Linking Difference to Achieve Societal Health

We live in a diverse country at a time when difference is often denounced rather than celebrated. Many of us take issue with the dishonoring of diversity, and I would like to make a somewhat scientific case for celebrating diversity rather than censuring it. This case begins with studies in neurobiology that have found that integration is the key to well-being, with integration being defined as the linkage of differentiated areas of the brain. As integration occurs, each area of the brain does not change; each area, instead, links with other areas, holding on to its own properties, while linking with other areas that hold on to their own properties. Integration is NOT blending; each part remains itself and then links with others. Integration actually allows for differentiation to be there.

At a recent professional conference, I heard Dan Siegel, MD, speak about the relationship between integration, presence, and health. He spoke about study results that revealed that the best predictor of well-being is the linkage of the differentiated regions of the brain, or neural integration. Conversely, studies have also revealed that impaired well-being is related to the impaired integration of the brain. He discussed how neural integration is the mechanism beneath regulation which includes mood, emotion, thought, attention, behavior, relationships, and morality. He also indicated that integration catalyzes flexibility, adaptability, coherence, energy, and stability. He talked about presence being a portal for integration to arise. And finally, he said that integration made visible is kindness and compassion.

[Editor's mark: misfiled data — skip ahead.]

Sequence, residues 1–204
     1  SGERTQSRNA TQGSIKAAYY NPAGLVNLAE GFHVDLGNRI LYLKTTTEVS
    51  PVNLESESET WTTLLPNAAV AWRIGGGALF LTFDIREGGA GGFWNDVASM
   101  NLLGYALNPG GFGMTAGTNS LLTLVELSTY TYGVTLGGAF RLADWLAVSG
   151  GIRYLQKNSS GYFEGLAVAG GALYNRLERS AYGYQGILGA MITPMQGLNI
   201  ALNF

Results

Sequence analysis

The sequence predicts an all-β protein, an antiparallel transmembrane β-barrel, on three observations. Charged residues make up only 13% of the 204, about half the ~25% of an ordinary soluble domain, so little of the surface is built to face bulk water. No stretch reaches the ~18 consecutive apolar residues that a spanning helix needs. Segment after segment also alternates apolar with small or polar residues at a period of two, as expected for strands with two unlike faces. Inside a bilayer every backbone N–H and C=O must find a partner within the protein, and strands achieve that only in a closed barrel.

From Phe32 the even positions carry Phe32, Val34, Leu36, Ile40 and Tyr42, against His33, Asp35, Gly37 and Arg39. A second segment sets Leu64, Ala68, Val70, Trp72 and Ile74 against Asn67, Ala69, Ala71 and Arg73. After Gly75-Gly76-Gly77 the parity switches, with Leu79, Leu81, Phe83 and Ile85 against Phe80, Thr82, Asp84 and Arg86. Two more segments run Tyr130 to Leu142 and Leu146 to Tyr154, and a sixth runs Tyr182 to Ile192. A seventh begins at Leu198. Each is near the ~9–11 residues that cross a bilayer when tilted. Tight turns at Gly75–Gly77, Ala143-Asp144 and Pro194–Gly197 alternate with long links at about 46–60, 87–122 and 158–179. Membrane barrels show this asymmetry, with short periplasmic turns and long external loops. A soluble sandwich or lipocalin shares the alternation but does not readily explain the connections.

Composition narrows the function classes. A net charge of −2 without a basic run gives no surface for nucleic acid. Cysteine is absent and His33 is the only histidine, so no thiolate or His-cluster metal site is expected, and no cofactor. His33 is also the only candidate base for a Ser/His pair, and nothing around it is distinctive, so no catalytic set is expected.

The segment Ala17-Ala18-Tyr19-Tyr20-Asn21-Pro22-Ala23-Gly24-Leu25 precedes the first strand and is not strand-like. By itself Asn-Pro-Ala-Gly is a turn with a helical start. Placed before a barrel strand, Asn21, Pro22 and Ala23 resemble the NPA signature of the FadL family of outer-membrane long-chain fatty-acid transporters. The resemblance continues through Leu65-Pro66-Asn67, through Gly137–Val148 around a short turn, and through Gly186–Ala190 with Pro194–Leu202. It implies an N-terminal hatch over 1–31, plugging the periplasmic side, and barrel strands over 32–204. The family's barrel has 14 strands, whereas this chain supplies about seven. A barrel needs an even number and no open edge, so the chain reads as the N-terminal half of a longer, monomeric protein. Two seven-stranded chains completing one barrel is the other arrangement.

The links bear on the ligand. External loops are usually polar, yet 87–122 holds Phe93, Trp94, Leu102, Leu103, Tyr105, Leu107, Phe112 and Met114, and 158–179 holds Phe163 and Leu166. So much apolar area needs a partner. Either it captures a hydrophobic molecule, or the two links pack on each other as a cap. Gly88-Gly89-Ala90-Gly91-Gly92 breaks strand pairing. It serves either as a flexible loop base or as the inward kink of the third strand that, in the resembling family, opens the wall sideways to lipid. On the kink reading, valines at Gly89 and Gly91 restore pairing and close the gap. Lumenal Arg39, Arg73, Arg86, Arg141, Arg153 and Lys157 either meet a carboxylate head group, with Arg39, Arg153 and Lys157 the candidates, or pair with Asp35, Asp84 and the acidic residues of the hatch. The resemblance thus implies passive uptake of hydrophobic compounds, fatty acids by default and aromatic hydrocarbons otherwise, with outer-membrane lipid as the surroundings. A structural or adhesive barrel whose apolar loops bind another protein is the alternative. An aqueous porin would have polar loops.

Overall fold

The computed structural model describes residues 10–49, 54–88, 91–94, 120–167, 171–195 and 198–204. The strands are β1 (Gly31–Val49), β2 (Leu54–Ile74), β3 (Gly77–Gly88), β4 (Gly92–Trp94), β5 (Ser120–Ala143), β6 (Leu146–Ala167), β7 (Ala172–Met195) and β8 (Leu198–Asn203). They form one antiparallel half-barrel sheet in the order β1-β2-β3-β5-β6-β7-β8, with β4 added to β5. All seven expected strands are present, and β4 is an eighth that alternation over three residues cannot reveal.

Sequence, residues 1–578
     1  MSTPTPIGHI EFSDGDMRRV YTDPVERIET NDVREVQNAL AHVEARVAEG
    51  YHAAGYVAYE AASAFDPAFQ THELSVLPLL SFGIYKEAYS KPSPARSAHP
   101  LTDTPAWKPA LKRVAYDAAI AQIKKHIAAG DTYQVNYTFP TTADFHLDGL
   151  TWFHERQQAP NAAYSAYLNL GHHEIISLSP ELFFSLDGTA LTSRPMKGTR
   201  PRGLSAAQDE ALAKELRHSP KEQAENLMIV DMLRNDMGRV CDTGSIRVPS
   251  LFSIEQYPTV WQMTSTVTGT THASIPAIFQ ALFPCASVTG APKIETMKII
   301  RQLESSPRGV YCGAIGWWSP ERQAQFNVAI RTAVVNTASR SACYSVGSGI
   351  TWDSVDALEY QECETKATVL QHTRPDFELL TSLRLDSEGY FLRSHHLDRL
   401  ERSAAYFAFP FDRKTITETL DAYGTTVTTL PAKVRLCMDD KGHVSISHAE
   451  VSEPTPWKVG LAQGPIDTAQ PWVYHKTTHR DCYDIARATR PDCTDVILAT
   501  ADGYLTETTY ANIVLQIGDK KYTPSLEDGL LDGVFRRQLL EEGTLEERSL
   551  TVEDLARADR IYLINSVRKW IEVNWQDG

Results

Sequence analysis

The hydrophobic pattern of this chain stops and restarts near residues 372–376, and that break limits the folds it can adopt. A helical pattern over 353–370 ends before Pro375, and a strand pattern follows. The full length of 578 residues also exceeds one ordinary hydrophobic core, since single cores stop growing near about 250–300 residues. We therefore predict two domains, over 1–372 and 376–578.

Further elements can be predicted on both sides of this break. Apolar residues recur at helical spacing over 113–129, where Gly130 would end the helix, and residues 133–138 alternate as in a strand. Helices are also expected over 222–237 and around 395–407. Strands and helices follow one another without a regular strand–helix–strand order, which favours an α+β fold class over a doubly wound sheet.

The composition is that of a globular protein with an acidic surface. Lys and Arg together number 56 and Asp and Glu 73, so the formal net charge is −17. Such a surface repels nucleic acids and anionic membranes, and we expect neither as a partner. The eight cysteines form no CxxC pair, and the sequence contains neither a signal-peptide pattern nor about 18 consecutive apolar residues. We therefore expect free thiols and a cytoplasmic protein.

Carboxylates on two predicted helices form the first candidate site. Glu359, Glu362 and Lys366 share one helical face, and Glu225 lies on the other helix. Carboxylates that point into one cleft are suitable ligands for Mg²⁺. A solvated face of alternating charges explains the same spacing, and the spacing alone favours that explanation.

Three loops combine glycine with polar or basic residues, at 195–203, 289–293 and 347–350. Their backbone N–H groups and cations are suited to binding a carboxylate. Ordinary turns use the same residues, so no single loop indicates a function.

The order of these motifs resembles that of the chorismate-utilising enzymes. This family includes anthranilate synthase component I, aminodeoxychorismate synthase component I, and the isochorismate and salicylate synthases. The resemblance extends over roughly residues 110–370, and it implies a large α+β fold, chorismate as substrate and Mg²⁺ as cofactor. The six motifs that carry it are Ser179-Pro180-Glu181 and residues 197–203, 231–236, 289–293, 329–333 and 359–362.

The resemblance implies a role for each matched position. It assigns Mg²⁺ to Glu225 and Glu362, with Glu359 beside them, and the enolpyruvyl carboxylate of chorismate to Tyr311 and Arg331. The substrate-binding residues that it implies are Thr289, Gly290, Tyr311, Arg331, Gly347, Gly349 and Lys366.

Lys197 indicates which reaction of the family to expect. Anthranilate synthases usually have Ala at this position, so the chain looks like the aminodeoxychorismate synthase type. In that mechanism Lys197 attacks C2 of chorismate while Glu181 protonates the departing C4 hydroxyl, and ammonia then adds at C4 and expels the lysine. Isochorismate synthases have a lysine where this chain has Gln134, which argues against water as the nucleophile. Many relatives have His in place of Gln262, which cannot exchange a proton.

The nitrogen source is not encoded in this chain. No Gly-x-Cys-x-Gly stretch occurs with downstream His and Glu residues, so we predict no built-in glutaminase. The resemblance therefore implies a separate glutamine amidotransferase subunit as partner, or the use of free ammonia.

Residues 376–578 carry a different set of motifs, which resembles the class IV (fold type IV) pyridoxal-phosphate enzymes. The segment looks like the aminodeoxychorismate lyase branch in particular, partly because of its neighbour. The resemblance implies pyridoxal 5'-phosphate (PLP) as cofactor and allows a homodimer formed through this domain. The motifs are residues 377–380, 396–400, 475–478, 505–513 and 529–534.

The more differentiated areas get linked, the greater the consciousness. From a neurobiological standpoint, we know that mindfulness, being in the present moment without judgment and with lovingkindness, strengthens integration. And studies have indicated that the one behavioral variable specifically correlated with well-being is gratitude.

If we expand upon this neurobiological research we can begin to understand human society and relationships, including ethnic, cultural, racial, religious, societal class, and gender diversity, and predict what might lead to a healthier society. It has been said that the United States is a melting pot. The thought behind this phrase is that we are a country of immigrants who have blended together. But, what if instead of blending together, our nation is enriched as our brain is through a process of integration? What if we define integration of diverse people as differentiated parts being linked together? What if we celebrate diversity, allow people to be who they are, and then link everyone together? This works for the brain, why wouldn’t it work for our society? It makes sense that if from a neurobiological standpoint we are healthier when our brains are integrated, that our society would be healthier if its differentiated parts are linked and therefore integrated.

On an individual level, neurological integration leads to health and presence is a portal for integration to arise. Mindfulness strengthens integration and gratitude is the single most important behavioral predictor of well-being. On a societal level, then, through mindful presence and an acknowledgement, acceptance and allowance of diversity, we can link our differences and become an integrated society. I believe that will consequently lead to a healthier society with a greater sense of well-being for those of us who live here.

Marcia Kaufman, PhD
Licensed Clinical Psychologist

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